Our current system of public insurance and public disaster relief places a lot of the onus of flood risk on the taxpayer. This is certainly the case when subsidized flood insurance encourages additional coastal development and helps to maintain higher coastal home values. Also, the NFIP itself does not have the ability to pool risk since it generally applies only to flood-prone areas and it has no ability to develop a reserve in years when premiums collected exceed payouts for flood losses.
the Red Cross has slashed its payroll by more than a third, eliminating thousands of jobs and closing hundreds of local chapters. Many veteran volunteers, who do the vital work of responding to local fires and floods have also left, alienated by what many perceive as an increasingly rigid, centralized management structure ... the Red Cross is stumbling in response to even smaller scale disasters ... Some emergency planners around the country have concluded they can no longer rely on the charity.
Most of the state’s water is drawn from the Delta, protected by levees that pretty much amount to mounds of dirt ... Hurricanes don’t hit NorCal, but these levees are alarmingly susceptible to disaster. If enough were to breach—in an earthquake perhaps, or severe El Niño storm—sea water from San Francisco Bay could rush in, tainting the water supply serving two-thirds of the state. The worst-case scenario could cause up to three years of severely curtailed water for most Californians.
Ten years later, it is not exactly right to say that New Orleans is back. The city did not return, not as it was. It is, first of all, without the more than 1,400 people who died here, and the thousands who are now making their lives someplace else. As of 2013, there were nearly 100,000 fewer black residents than in 2000, their absences falling equally across income levels. The white population decreased by about 11,000, but it is wealthier.
Every fault line has an upper limit to its potency, determined by its length and width, and by how far it can slip. For the San Andreas, one of the most extensively studied and best understood fault lines in the world, that upper limit is roughly an 8.2—a powerful earthquake, but, because the Richter scale is logarithmic, only six per cent as strong as the 2011 event in Japan.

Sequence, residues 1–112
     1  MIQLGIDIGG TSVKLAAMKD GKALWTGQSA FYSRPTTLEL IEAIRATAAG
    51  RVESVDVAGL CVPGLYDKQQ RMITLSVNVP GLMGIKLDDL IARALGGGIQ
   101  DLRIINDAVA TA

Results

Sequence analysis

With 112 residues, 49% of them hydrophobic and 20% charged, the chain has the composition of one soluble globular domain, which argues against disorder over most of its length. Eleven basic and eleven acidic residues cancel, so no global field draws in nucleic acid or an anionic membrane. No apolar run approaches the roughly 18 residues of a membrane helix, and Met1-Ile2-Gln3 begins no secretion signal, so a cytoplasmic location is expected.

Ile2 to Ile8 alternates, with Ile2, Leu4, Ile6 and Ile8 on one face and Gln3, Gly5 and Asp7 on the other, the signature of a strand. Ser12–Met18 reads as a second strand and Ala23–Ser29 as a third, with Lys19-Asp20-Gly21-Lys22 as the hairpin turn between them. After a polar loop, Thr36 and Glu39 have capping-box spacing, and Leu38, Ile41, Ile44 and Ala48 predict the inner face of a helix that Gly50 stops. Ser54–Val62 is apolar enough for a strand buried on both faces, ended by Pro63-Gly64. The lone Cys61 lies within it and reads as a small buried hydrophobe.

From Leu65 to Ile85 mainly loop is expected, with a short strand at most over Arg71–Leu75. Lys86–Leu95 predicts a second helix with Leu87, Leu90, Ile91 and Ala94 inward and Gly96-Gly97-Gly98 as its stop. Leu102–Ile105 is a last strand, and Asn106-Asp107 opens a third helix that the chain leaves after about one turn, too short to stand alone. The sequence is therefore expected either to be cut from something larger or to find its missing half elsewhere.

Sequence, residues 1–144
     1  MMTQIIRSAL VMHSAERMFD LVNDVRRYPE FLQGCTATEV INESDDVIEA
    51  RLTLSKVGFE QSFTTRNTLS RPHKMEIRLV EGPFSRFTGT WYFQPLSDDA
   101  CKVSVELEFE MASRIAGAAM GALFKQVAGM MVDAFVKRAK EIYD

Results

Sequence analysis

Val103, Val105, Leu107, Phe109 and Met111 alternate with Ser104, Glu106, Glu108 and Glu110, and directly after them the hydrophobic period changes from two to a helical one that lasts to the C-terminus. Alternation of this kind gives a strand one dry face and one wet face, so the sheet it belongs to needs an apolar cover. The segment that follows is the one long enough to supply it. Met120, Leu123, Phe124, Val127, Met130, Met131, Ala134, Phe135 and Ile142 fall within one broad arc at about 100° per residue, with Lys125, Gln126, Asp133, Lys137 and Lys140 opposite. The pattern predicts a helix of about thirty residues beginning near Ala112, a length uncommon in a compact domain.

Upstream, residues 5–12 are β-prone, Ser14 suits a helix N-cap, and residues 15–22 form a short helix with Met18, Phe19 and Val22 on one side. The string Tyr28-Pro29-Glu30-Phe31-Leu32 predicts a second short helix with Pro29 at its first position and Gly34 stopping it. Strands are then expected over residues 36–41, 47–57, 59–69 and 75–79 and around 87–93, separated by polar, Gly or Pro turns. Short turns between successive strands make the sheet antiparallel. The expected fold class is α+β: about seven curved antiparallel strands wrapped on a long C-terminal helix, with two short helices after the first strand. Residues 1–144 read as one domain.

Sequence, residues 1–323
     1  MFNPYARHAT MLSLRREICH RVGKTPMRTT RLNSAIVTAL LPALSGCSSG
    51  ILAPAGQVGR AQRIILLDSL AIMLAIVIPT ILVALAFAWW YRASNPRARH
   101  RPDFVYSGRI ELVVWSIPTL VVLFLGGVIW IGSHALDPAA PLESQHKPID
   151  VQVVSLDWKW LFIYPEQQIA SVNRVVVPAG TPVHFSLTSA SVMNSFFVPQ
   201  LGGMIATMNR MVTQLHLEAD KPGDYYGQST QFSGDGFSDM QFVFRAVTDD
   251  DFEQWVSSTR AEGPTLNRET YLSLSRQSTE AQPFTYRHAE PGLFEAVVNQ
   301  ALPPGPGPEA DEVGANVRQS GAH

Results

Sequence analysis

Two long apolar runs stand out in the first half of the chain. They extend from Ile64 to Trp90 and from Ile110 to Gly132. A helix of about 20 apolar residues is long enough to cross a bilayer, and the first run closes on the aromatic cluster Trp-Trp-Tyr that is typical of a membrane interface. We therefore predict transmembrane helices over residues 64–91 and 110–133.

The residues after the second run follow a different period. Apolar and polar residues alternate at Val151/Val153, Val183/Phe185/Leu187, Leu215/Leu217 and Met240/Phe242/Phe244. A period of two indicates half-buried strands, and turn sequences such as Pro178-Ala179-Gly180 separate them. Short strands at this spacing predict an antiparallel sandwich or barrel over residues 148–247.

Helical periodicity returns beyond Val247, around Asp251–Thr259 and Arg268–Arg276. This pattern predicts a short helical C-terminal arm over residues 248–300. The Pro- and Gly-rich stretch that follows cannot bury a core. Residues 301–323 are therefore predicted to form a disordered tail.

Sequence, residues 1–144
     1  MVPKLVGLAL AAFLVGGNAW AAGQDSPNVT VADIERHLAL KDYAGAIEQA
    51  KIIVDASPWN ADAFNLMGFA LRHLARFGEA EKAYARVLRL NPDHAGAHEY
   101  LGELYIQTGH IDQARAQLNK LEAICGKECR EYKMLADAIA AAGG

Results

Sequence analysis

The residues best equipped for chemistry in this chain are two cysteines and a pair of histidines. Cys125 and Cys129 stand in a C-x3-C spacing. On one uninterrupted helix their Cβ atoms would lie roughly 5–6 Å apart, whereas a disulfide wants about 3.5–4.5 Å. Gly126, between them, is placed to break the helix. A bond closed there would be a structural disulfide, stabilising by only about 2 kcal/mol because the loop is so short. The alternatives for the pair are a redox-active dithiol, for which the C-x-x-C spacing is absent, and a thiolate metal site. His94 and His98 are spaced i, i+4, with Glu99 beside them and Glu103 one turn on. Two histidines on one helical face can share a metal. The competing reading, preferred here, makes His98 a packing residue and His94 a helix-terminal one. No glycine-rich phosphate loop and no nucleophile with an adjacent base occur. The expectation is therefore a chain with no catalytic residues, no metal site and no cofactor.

the magnitude-9.0 Tohoku earthquake and subsequent tsunami killed more than eighteen thousand people, devastated northeast Japan, triggered the meltdown at the Fukushima power plant, and cost an estimated two hundred and twenty billion dollars.
It took more than two and a half years, until August 2013, for the Red Cross just to sign an agreement with USAID on the program...the program was ultimately canceled because of a land dispute. A GAO report attributed the severe delays to problems “in securing land title and because of turnover in Red Cross leadership” in its Haiti program. Other groups also ran into trouble with land titles and other issues. But they also ultimately built 9,000 homes compared to the Red Cross’ six.
Disasters like the Haiti earthquake and the Indian Ocean tsunami present colossal logistical challenges. Nonetheless, in Aceh officials and relief workers did their best to sort through this stock: Drugs were stored in private homes, in hospitals rooms and corridors (despite a desperate shortage of space for patients). Eighty-four percent of the facilities lacked air conditioning, rendering their contents unusable, according to the study.